Future Impacts of Biotechnology Discussed at SUNY ESF

May 16, 2014

Could the way we feel be caused by environmental factors in Central New York ? That was one of several topics mentioned today during the Biotechnology Symposium at SUNY ESF. Former President Doctor Neil Murphy says the World Health Organization has determined that 90 percent of all diseases are either initiated or aggravated by environmental factors. A local collaborative to use biotechnology to improve human health concerns has been developed through State funding from the Governor.

A panel discussion during the Biotechnology Symposium at SUNY ESF.
A panel discussion during the Biotechnology Symposium at SUNY ESF.
Credit John Smith/WAER News

 “What we expect to do in this is to come up with new academic programs to train people… whether they be physicians, engineers, whatever. In the areas of Environmental Health and Environmental Medicine. We also hope to initiate research in this area.”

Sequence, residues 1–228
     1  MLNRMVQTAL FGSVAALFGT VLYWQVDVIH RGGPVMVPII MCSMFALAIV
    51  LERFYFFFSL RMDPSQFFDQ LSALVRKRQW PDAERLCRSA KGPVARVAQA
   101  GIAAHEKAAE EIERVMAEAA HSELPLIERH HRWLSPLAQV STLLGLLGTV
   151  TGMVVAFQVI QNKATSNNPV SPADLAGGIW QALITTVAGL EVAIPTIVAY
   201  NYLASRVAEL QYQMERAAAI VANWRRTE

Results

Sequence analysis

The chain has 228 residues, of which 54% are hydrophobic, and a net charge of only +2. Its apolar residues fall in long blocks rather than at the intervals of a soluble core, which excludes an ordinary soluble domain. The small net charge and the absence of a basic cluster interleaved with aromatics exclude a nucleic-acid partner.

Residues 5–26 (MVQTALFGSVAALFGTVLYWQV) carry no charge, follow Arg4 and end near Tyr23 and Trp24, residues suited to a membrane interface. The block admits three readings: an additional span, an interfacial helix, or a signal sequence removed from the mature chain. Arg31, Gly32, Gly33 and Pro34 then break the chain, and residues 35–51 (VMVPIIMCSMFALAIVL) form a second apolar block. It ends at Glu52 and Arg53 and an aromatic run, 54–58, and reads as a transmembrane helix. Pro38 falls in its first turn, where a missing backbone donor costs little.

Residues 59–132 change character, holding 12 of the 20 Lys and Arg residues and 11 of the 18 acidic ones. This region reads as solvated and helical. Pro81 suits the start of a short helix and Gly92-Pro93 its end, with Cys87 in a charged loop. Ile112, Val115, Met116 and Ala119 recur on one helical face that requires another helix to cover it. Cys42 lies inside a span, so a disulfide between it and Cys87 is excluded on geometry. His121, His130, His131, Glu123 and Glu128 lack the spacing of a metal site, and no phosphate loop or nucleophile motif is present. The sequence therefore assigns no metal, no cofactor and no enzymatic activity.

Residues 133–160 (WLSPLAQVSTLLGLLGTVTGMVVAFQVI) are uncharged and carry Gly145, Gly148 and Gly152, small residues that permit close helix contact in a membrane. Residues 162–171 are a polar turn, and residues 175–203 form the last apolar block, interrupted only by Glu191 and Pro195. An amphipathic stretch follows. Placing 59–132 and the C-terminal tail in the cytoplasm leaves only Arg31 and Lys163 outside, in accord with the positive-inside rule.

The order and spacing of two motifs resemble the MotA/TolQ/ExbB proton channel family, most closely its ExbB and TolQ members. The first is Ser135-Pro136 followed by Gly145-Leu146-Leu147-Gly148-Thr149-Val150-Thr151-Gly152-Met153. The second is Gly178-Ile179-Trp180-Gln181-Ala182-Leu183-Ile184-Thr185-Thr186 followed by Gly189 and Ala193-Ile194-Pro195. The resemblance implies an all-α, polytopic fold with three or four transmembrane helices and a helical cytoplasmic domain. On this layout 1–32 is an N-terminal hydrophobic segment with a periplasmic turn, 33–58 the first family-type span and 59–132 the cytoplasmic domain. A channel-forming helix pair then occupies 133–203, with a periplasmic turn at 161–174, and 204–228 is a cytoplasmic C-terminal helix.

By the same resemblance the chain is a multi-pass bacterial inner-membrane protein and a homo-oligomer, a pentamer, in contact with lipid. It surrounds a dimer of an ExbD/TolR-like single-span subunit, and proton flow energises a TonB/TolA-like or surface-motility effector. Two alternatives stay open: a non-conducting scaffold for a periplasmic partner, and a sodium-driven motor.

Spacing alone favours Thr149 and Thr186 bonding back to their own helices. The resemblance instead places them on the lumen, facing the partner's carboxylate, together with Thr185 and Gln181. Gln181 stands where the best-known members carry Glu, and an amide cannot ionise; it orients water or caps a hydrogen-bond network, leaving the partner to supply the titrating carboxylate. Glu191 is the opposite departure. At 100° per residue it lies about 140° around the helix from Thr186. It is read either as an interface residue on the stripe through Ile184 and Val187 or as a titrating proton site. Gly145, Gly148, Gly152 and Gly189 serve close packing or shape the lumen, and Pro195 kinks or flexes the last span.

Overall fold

Murphy says the intent is to also bring together Environmental Scientists and Physicians through SUNY Upstate and partner with other colleges including O-C-C and SUNY Oswego. SUNY Vice President of Research Dr. Timothy Killeen says another biotech research project focuses on how flies rely on hearing to navigate… it’s now being applied to hearing aid research.

“…and understanding those processes and putting them into hearing aids, so people can hear better and can be more directionally acute, in terms of who’s seeing what where when they’re hearing impaired. Wonderful kind of technology flowing out of this basic research that can really help live.. affective lives, if they’re hearing impaired.” 


 Killeen also notes advances in the Neurosciences through imaging that shows brain function. He says SUNY has a lot of expertise in all of these areas. Killeen predicts that Biotechnology and research will also lead to a very different looking economy in 50 years.